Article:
UN Member States are gathering today in New York at the United Nations Headquarters for the first round of negotiations on the Global Compact on Migration zero draft. It is a once-a-generation chance to shape migration cooperatively, for mutual benefit. Global migration governance is, in its current form, unprepared and insufficient to manage future flows.
CGD Policy Blogs
In 2016 on the CGD Podcast, we have discussed some of development's biggest questions: How do we pay for development? How do we measure the sustainable development goals (SDGs)? What should we do about refugees and migrants? And is there life yet in the notion of globalism? The links to all the full podcasts featured and the work they reference are below, but in this edition, we bring you highlights of some of those conversations.
As world leaders gather in New York for the United Nations General Assembly Summit on Refugees and Migrants, what should we expect? Faced with record levels of human displacement, the talks focus on whether and how to reform the international rules and norms governing the movement of people in crisis. We identify three opportunities to move ahead.
The World Bank opened in 1946 to finance a global economy just emerging from colonization and warfare and just embarking on the Cold War. Today the global development landscape is radically different, and capital circles the globe at volumes unthinkable back then. Why keep the World Bank now?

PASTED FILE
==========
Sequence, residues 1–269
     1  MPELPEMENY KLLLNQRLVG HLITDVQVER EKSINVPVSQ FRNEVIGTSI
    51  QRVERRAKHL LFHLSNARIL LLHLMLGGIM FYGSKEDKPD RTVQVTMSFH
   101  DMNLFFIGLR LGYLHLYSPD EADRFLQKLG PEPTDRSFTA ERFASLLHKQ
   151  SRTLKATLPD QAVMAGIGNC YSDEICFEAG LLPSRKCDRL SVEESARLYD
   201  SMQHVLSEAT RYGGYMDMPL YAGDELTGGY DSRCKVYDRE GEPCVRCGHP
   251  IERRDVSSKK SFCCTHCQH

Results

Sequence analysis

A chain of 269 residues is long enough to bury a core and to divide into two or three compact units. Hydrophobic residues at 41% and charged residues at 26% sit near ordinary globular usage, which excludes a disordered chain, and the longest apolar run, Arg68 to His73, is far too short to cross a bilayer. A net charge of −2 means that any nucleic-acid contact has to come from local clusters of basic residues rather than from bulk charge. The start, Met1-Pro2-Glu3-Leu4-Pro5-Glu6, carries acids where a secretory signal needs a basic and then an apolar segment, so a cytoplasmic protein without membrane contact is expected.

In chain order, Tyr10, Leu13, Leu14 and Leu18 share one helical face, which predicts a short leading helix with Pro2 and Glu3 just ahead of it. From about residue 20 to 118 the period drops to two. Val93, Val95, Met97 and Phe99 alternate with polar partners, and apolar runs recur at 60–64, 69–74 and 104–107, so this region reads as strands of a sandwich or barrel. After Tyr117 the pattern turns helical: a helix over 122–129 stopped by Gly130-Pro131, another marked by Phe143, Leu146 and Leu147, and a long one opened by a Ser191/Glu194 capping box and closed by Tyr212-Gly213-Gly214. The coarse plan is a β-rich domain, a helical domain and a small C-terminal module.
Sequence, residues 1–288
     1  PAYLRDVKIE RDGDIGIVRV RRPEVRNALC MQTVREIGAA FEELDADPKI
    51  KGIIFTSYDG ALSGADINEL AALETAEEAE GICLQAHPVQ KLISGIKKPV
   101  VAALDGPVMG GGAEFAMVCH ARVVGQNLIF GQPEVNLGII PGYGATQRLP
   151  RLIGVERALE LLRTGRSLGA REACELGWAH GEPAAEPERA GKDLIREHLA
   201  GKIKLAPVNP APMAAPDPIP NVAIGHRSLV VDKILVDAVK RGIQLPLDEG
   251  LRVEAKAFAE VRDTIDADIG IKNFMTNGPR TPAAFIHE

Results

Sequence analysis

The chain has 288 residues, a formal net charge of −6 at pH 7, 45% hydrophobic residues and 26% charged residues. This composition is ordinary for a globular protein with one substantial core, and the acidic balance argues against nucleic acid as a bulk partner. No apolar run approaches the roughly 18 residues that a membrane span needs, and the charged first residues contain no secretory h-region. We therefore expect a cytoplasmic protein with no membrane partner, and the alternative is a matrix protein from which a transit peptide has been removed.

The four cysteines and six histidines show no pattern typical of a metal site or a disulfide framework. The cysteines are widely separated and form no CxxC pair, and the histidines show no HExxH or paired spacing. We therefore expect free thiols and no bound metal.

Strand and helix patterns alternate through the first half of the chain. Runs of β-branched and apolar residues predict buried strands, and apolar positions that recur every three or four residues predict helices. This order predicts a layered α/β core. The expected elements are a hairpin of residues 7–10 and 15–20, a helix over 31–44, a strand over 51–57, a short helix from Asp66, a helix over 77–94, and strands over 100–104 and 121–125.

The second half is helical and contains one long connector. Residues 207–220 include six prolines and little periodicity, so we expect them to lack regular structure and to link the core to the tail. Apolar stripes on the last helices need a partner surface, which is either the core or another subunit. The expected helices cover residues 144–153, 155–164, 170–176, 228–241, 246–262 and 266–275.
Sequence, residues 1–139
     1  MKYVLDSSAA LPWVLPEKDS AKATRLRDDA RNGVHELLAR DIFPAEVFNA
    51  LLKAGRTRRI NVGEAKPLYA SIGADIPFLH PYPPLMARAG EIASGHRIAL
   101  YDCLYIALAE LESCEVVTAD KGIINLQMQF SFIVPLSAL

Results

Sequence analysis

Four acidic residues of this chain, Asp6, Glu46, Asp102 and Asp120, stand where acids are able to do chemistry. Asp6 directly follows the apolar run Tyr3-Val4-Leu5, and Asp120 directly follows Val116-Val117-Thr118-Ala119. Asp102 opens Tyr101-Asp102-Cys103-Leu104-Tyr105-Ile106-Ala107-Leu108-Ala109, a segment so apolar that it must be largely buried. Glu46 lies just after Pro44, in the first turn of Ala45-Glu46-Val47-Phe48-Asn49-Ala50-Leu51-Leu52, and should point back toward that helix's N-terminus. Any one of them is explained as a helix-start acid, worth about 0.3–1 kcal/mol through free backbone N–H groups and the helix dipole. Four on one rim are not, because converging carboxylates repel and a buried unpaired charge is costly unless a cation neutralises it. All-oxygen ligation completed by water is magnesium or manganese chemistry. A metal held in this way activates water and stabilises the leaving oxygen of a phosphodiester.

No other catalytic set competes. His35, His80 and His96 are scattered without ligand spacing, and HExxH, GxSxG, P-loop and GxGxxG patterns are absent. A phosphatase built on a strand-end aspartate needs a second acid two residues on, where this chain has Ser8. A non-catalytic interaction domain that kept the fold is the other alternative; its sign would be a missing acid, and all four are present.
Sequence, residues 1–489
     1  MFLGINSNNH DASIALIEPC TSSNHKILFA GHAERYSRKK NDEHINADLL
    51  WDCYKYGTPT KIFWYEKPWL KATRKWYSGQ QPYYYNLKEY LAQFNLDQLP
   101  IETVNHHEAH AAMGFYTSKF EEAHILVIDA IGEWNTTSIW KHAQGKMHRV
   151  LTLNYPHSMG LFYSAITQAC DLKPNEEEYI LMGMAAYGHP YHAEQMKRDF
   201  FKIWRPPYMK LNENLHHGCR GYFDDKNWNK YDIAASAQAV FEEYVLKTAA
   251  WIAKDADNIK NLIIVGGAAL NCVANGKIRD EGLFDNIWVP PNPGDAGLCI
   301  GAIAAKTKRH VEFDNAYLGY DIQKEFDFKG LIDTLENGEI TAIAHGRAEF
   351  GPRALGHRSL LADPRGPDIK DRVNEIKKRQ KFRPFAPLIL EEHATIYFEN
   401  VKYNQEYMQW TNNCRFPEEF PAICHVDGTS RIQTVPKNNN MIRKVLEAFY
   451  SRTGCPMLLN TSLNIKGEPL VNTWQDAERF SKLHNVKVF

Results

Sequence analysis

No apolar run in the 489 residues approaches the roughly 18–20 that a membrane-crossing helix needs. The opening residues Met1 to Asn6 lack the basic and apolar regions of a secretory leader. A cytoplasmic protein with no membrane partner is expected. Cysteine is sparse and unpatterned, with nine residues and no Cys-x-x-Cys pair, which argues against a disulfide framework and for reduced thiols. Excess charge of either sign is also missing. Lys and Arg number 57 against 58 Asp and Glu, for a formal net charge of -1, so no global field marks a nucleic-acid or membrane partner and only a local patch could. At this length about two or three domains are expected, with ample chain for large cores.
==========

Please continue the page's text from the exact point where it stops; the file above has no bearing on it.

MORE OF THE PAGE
In a few days, the board of the World Bank will choose a new president. There are three candidates: an American physician and anthropologist (Jim Yong Kim), a Colombian economist (José Antonio Ocampo), and a Nigerian economist (Ngozi Okonjo-Iweala). All 12 presidents in the 66-year history of the World Bank have been American.
On Friday, President Obama surprised the international development community with the news that Jim Yong Kim would be his choice for the presidency of the World Bank. Kim is a distinguished medical doctor and anthropologist, the president of Dartmouth College, and the co-founder and former executive director of Partners in Health.
Good question as the world prepares for the September summit to assess progress. But this is a slightly odd debate here at The Africa Report. The UN Millennium Promise’s Charles Abugre Akelyira seems to think the MDGs are a rejection of economic policy reform: